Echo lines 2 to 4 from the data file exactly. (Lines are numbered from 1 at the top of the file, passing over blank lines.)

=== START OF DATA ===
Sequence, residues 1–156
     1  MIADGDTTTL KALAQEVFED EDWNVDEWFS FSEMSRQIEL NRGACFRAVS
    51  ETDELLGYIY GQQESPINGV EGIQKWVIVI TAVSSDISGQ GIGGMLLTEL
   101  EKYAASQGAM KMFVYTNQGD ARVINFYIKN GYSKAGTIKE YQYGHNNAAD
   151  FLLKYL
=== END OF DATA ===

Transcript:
     1  MIADGDTTTL KALAQEVFED EDWNVDEWFS FSEMSRQIEL NRGACFRAVS
    51  ETDELLGYIY GQQESPINGV EGIQKWVIVI TAVSSDISGQ GIGGMLLTEL
   101  EKYAASQGAM KMFVYTNQGD ARVINFYIKN GYSKAGTIKE YQYGHNNAAD